Coherence (Watch Tower WT 2005137/8/9)
The Forum, Los Angeles, CA – June 27th, 1977
Disc 1 (75:17): Intro., The Song Remains The Same/Sick Again, Nobody’s Fault But Mine, Over The Hills And Far Away, Since I’ve Been Loving You, No Quarter
Disc 2 (73:27): Ten Years Gone, The Battle Of Evermore, Going To California, Going Down South/Black Country Woman, Bron-Yr-Aur Stomp, Dancing Days, White Summer/Black Mountain Side/Kashmir, Trampled Underfoot
Disc 3 (72:42): Out On The Tiles/Moby Dick, guitar solo/Achillies Last Stand, Stairway To Heaven, Whole Lotta Love/Rock and Roll
The Millard tape for this final show in Los Angeles, and one of Zeppelin’s final shows in the US, has been released many times. Previous titles include The Legendary End (Silver Rarities SIRA 206/207/208), The Legend of the End (Tarantura T19CD-16-19), Sunset (TDOLZ Vol. 55), Farewell To L.A. (Rabbit Records RR 001/2/3) and Deep Striker (Empress Valley EVSD-26/27/28/29).
Watchtower claim they have used the master tape Coherence. It is certainly more clear and dynamic than the others. Like many of the other tapes from the LA Forum this is an amazing sounding stereo audience recording that sounds almost like a professional recording. All of the instruments are perfectly balanced along with the audience noise.
This concert is notable for being the final show of the second leg of their eleventh tour and for being their final concert in Los Angeles. But even more, along with the March 21th, 1975 Seattle and May 25th, 1975 Earl’s Court, one of the longest concerts every performed by Led Zeppelin. The set list played at a normal pace averaged two and a half hours, but the expanded numbers in the show on this night push the show more than an hour past the average and is one of their legendary epic marathons.
One gets the impression listening to this show that, since it was their final in Los Angeles for the tour, they wanted to squeeze every note and savor every second onstage. The band showed signs of needing a break in this long tour and the performance itself is erratic and the first five songs sound like they are teetering on the edge of disaster (but always being saved at the last minute).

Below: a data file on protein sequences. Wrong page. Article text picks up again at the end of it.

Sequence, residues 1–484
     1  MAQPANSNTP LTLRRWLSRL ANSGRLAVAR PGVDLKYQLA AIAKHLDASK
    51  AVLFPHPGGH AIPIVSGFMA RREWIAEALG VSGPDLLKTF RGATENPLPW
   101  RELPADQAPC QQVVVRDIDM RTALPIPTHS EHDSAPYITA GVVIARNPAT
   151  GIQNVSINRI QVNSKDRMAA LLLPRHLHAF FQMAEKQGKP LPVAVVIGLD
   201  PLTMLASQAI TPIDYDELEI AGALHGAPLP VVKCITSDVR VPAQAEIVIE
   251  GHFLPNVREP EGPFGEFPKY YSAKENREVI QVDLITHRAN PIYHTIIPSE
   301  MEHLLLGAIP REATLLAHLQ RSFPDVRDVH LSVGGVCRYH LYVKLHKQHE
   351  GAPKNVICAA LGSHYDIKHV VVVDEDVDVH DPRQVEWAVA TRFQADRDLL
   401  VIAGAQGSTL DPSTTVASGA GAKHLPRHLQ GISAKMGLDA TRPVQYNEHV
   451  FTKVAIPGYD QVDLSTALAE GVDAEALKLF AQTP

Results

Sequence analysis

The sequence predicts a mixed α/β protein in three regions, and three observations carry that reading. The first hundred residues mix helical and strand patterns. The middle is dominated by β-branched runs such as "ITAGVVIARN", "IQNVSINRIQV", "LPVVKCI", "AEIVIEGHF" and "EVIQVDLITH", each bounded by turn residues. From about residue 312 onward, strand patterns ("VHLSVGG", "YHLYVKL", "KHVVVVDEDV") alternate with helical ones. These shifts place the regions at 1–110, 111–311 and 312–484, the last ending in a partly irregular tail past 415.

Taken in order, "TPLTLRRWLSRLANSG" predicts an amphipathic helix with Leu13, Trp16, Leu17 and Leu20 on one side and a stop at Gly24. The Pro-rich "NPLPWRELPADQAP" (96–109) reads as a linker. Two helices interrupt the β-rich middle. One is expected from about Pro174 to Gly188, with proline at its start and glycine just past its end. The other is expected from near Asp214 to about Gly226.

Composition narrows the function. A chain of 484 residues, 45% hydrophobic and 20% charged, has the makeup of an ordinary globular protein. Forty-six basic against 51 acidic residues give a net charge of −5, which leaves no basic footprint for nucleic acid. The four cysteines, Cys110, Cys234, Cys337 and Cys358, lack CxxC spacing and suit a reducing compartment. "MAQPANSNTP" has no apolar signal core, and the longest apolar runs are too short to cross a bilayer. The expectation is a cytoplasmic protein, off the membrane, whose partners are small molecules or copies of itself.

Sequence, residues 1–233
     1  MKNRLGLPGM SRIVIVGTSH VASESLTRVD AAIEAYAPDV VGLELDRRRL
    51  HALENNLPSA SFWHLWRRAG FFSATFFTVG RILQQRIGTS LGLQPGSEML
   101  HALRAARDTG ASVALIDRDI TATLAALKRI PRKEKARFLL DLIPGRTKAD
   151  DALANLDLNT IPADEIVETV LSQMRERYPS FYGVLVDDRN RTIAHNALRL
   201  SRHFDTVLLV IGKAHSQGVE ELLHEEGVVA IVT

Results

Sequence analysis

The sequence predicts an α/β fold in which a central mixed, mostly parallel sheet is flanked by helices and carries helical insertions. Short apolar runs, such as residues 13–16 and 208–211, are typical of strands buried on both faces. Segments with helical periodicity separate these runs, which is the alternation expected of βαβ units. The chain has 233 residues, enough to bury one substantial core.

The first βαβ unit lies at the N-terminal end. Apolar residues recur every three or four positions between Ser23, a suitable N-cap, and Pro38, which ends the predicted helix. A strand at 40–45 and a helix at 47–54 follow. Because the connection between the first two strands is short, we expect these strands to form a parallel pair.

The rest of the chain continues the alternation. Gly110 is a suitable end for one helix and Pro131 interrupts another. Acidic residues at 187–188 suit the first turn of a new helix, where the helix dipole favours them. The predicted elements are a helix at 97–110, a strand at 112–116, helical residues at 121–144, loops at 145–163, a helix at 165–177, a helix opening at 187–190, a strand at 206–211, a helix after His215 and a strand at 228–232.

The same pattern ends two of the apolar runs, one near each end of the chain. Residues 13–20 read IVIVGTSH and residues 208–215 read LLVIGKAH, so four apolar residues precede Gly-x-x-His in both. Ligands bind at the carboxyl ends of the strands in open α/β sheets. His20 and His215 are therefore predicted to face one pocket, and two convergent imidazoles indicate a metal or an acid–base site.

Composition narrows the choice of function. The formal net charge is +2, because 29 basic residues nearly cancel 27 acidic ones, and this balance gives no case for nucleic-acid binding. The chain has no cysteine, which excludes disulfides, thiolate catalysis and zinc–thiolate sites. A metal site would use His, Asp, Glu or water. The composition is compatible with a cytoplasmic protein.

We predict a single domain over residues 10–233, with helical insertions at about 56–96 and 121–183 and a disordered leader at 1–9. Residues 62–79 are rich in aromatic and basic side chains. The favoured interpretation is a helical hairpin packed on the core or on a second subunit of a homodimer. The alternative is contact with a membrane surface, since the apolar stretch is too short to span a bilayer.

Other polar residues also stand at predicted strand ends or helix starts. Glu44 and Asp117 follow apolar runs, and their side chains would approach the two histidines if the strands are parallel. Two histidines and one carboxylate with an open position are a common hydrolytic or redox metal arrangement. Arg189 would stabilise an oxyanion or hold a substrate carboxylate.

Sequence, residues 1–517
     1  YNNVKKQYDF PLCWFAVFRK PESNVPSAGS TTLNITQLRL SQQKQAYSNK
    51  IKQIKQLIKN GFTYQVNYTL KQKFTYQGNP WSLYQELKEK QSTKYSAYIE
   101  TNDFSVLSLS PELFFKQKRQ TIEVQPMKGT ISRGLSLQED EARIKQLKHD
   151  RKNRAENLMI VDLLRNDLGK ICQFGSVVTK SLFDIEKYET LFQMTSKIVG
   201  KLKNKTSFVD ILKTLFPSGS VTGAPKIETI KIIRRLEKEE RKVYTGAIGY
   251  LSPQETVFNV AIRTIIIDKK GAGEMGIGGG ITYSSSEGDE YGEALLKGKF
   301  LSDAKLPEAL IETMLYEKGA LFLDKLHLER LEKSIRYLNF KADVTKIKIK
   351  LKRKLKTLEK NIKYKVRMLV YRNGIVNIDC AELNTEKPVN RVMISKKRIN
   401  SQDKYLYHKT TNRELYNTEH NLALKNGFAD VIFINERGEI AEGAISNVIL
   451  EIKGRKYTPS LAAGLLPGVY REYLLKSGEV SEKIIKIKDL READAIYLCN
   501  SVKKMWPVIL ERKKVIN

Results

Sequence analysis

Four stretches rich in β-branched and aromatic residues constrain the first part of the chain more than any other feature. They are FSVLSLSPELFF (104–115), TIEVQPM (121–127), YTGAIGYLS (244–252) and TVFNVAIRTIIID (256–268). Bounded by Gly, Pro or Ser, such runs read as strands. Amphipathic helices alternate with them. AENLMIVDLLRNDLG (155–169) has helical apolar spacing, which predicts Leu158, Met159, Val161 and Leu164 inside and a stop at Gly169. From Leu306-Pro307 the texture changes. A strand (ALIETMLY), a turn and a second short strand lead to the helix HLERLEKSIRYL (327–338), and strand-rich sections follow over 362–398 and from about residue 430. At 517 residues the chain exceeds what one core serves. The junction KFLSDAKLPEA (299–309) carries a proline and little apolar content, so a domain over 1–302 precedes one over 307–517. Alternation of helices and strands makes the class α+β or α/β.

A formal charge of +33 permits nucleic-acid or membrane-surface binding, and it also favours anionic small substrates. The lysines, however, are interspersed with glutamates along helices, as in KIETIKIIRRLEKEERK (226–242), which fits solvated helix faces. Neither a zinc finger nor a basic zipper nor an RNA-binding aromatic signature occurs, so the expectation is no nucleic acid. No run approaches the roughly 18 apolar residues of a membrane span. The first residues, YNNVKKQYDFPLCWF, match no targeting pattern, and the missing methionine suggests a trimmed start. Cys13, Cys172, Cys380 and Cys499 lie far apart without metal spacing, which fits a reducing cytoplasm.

For this reason it is overshadowed by the other concerts in LA, but is very satisfying in the end. “I might say welcome to the Forum because it’s becoming like our front room. Know what I mean? As this is the last night out of six nights; six nights out of seven we’ll do our best to play…until we fall over” is Robert Plant’s opening words before the first song from Presence is played, an excellent version of “Nobody’s Fault But Mine.”
“Over The Hills And Far Away” follows and contains an interesting guitar solo by Jimmy Page where it sounds as if he is fighting his instrument. “Since I’ve Been Loving You” is introduced as about “a little bit of distress in a relationship as is usually the case” and is dedicated to DJ J.J. Jackson. The rough moments are overshadowed by what is one of Page’s finest solos.
“No Quarter” begins with an introduction of John Paul Jones with “strawberry tart in his pockets.” This version is thirty-three minutes long and is the first highlight of the night. During the long improvisation in the middle they play a catchy 12 bar boogie before the dark, brooding and intense solo that is magisterial in construction.
The ending of the acoustic set is unique with a minute long rendition of the 1948 Muddy Waters hit “I Can’t Be Satisfied” (listed as “Going Down South” on the liner notes). Plant sings the chorus and mumbles the second verse before they go into “Black Country Woman” which is segued with “Bron-Yr-Aur Stomp.”
This version is expanded to include a John Paul Jones stand-up bass solo, a Page solo, and the band playing “Dancing Days,” a song that sounds much better acoustically than electric. Page’s “White Summer” and “Black Mountain Side” solo reaches almost five minutes with parts of “Swan Song” and “Kashmir” thrown in before the band crash in with “Kashmir.”
Bonham’s drum solo “Moby Dick” is about the only piece that isn’t longer than normal, reaching only fifteen minutes. Page’s second long solo of the evening is close to a half hour and includes “America” from West Side Story in addition to “The Star Spangled Banner” and “Dixie.” This is segued directly with “Achillies Last Stand” which Page plays with an out of tune guitar and is among the weakest versions of the tour. The rest of the show is enjoyable, however, and despite the mistakes is an effective concert.
It’s a nice show to have after absorbing Eddie and Badgeholders. All this is on three CDs (some of the other labels stretched it over four) in packaging that is unimaginative even by Watchtower’s undemanding standards. But this is probably the most enjoyable version of this well circulated tape and definitely recommended.If you liked this review, buy me a cup of joe. (Suggested: $3 a shot or $7.5 for a double)